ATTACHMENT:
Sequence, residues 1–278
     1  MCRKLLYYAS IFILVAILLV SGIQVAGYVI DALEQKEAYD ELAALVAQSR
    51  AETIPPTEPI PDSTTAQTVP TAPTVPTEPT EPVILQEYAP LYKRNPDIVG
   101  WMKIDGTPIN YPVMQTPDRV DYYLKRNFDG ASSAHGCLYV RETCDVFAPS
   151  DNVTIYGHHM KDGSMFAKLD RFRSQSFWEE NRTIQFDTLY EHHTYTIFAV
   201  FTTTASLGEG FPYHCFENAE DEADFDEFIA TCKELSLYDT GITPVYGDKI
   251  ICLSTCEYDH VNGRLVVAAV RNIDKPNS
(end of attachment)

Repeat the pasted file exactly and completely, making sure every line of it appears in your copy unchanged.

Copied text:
Sequence, residues 1–278
     1  MCRKLLYYAS IFILVAILLV SGIQVAGYVI DALEQKEAYD ELAALVAQSR
    51  AETIPPTEPI PDSTTAQTVP TAPTVPTEPT EPVILQEYAP LYKRNPDIVG
   101  WMKIDGTPIN YPVMQTPDRV DYYLKRNFDG ASSAHGCLYV RETCDVFAPS
   151  DNVTIYGHHM KDGSMFAKLD RFRSQSFWEE NRTIQFDTLY EHHTYTIFAV
   201  FTTTASLGEG FPYHCFENAE DEADFDEFIA TCKELSLYDT GITPVYGDKI
   251  ICLSTCEYDH VNGRLVVAAV RNIDKPNS